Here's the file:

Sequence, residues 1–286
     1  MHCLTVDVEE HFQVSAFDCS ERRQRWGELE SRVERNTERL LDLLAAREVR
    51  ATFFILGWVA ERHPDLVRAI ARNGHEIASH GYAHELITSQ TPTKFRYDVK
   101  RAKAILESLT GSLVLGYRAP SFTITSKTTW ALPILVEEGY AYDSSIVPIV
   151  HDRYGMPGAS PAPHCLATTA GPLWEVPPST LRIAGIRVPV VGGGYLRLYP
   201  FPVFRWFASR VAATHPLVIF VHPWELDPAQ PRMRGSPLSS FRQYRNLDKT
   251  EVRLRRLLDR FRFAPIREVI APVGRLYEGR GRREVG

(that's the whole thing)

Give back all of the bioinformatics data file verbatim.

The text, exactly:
Sequence, residues 1–286
     1  MHCLTVDVEE HFQVSAFDCS ERRQRWGELE SRVERNTERL LDLLAAREVR
    51  ATFFILGWVA ERHPDLVRAI ARNGHEIASH GYAHELITSQ TPTKFRYDVK
   101  RAKAILESLT GSLVLGYRAP SFTITSKTTW ALPILVEEGY AYDSSIVPIV
   151  HDRYGMPGAS PAPHCLATTA GPLWEVPPST LRIAGIRVPV VGGGYLRLYP
   201  FPVFRWFASR VAATHPLVIF VHPWELDPAQ PRMRGSPLSS FRQYRNLDKT
   251  EVRLRRLLDR FRFAPIREVI APVGRLYEGR GRREVG